It’s all fun and games until the end of the night when your beautiful candle spills all over your favorite coffee table or rug. All our candles are made with a proprietary blend of all-natural coconut and soy wax. Although this soft and creamy wax type is known for its long and clean burning time, you’ll remove it the same way you would its toxic counter part, paraffin. Luckily, there are just a few simple steps to quickly get rid of your candle wax stains and make your surfaces and fabrics look as good as new. Say goodbye to your wax stains, no matter what surface you have to clean!
Removing wax stains by fabric type -
POLYESTER & LINEN:
The old ice cube and hot iron method is the perfect way to remove wax from materials like polyester and linen.
- First, place an ice cube over the stain you wish to remove. This will help refreeze the wax so that it is easier to scrape or scoop off of the surface.
- Try to remove as much wax as you can in this initial step. We recommend using a butter knife or a spoon, anything that will loosen up the top layer without cutting through or ripping the material below the wax. The goal here is not to remove the entire wax stain … just the top layer. The bottom half will be more stiff and stuck to the bottom surface.
- Next, place a paper towel on the rest of the stain. Take a clothing iron on low heat and rub over the paper towel. Be careful that the iron does not get too hot … you do not want to burn the fabric underneath!
- Continue to rub the iron over the paper towel and stain as long as necessary to loosen up and melt any of the remaining wax. The wax should melt into the paper towel.
- Throw the fabric into the washing machine with proper stain remover. If this is a rug, spray the affected area with stain remover until the colored spot is gone. And there you have it! Good as new!
Cotton, in general, is less durable and water-resistant than polyester which means you have to be more thoughtful when treating a wax stain in this type of fabric. In fact, cotton is most vulnerable to stains, so be careful when you are treating any cotton fabric. (Caution: avoid using high heat on this fabric, it’ll reduce its overall strength).
- First, loosen up the top layer of the stain or any excess that is easy to scrape off the surface. Use a dull knife or spoon.
- Once you have scraped off the surface, absorb the wax using low heat. Instead of an iron, use a hair dryer and blow the air on top of a dry paper towel. Continue to use heat until all of the wax is melted, but be careful not to overheat the cotton fabric.
- Dissolve the stain using any oil-removing stain remover. Candle wax is likely to leave an oil-like stain, but do not fear, these are simple to remove with a little bit of warm water and stain remover.
- Some handy solvents for getting rid of the stains that may happen to be lying around your house are nail polish remover (acetone base) and rubbing alcohol. Blot the stain on the fabric until fully dissolved.
Have you ever spilled candle wax on your favorite pair of jeans? It may sound silly, but it’s more common than you think! Here are a few quick steps to save your jeans:
- Similar to removing wax from polyester, run over the wax stains with an ice cube. Most of the time, the wax will flake right off from the surface since the denim will not fully absorb all of the wax.
- Place your jeans in the freezer to freeze up the remaining wax stains. For best results, freeze overnight so the fax fully hardens. Peel off any of the frozen wax from your jeans.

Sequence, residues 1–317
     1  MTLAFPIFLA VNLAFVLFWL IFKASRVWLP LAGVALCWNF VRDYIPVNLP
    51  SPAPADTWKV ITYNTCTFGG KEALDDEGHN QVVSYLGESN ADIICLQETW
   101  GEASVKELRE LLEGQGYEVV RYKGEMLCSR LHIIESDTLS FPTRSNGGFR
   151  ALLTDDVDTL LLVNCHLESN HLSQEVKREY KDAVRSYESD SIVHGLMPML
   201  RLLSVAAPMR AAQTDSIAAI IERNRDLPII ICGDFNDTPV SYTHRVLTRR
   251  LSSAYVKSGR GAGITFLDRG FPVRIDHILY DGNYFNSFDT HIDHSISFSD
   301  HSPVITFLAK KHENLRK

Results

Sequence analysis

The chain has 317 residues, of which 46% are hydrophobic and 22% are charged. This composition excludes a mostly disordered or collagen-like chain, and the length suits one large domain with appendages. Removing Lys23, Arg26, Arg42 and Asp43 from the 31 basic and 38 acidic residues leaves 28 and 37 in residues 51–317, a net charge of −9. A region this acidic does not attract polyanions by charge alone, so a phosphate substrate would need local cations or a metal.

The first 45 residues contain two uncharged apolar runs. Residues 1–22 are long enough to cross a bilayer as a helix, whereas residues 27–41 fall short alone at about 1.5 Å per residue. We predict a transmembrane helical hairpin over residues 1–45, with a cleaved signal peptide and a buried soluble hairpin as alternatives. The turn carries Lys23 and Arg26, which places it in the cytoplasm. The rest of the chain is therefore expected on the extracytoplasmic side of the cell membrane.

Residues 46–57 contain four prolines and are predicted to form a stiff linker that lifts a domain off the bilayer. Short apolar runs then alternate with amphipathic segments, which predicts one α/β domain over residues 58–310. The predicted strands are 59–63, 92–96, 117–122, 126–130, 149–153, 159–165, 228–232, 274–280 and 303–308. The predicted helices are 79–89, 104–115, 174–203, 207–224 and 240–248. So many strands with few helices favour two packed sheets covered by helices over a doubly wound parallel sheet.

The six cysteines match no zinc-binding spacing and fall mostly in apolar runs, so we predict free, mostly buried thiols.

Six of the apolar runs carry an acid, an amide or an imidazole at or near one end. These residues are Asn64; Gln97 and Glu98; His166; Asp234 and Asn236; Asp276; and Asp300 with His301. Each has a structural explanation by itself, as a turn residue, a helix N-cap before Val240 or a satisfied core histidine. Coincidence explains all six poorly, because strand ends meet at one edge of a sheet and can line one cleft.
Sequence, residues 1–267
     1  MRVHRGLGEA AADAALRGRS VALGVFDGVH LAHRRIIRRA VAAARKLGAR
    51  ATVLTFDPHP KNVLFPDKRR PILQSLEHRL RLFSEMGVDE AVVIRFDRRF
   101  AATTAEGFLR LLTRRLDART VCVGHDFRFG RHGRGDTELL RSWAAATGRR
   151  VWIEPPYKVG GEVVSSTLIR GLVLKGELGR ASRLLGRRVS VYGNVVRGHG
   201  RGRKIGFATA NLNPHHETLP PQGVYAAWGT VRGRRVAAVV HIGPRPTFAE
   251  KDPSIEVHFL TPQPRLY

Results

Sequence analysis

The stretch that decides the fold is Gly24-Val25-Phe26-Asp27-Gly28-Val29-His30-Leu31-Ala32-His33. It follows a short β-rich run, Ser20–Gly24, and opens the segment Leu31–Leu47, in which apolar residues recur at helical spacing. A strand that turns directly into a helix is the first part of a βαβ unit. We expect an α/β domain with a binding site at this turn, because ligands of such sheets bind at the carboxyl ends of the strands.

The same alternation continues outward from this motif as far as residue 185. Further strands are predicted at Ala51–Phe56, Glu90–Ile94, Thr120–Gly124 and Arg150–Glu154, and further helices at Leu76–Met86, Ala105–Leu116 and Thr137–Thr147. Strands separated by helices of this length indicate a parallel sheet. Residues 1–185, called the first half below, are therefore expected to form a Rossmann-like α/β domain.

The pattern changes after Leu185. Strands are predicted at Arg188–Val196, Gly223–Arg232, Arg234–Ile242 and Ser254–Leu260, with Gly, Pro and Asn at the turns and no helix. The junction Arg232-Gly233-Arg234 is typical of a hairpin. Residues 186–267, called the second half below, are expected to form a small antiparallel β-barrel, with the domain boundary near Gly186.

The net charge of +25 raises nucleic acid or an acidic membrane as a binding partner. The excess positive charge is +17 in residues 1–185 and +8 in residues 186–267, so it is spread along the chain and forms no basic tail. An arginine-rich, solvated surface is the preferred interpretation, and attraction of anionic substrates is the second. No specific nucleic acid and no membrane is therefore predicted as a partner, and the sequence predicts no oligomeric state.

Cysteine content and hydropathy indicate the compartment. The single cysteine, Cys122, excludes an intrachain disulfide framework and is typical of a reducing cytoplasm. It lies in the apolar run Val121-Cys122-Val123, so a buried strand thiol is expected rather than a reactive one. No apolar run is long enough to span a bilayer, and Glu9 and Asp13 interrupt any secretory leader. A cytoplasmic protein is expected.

- If this still doesn’t work, apply heat. Place a dry paper towel on the stain and go over the paper towel with a clothing iron until it softens again. The paper towel should soak up the remaining, melted wax.
- And here you go! Your jeans are good as new!
Removing wax stains by floor type -
Attention: for darker carpets, use a darker cloth. For lighter carpets, use a white cloth to avoid staining the carpet with cloth dye.
- Gently scrape the surface of the wax with a butter knife. Be careful not to unloop any of the rug.
- If the wax is still in the carpet, place a dry cloth on the rest of the stain and place an iron medium to low heat. If the iron is too hot, you might burn the surface.
- Once the wax is loose enough from the heat, use a cloth to scoop up the remaining wax.
- Use rubbing alcohol on a cloth to soak up any of the remaining wax
- To remove the stain in the carpet after the wax is removed, simply use a carpet stain remover.
- Using a hairdryer, heat up the wax until it begins to soften. Use caution with this method to avoid any damage to the underlying surface from the heat. If you do not see any results, try moving the hair dryer a few inches closer.
- Using a dry cloth, scoop up any of the loosened wax.
- Clean the rest of the surface with a solution: half part water and half part white vinegar. You will see the best results if you use a slightly damp cloth (again, be careful when working with wood surfaces to avoid ruining the wood).
- This solution will hopefully loosen up a majority of the wax. For whatever is remaining, use a small plastic brush (to avoid scratches on the wood) and softly scrape against the surface.
- Repeat until the stain is fully removed.
- Spray the wood surface with polishing spray to leave your floor looking better than new!
With a nice counter or table top like marble, it is important to remove the stain as soon as you notice it so that it doesn’t seep into the surface damaging the glossy look.
- First, place a plastic bag full of several ice cubes on top of the stain to help freeze the spilled wax. Do not remove the ice until the wax is fully dried.
- Slowly and gently peel or scrape off the wax layer by layer. You may have to repeat the freezing process several times before you get a majority of the wax off.
- Once the stain is sufficiently removed, apply marble cleaner to a soft cloth and polish the surface until it returns back to its glossy texture.